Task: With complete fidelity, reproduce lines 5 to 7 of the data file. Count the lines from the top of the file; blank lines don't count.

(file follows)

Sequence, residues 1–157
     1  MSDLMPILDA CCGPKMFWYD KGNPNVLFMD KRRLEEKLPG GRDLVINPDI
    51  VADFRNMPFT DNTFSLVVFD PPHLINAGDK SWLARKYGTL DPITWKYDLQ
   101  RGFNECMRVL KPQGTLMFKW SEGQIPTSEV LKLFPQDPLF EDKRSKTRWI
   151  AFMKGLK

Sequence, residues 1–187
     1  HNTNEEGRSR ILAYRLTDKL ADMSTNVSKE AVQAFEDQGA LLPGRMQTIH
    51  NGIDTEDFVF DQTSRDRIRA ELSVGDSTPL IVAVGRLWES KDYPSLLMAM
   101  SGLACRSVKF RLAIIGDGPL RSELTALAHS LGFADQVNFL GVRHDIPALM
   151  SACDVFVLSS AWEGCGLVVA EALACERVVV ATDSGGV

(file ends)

   151  AFMKGLK

Sequence, residues 1–187
     1  HNTNEEGRSR ILAYRLTDKL ADMSTNVSKE AVQAFEDQGA LLPGRMQTIH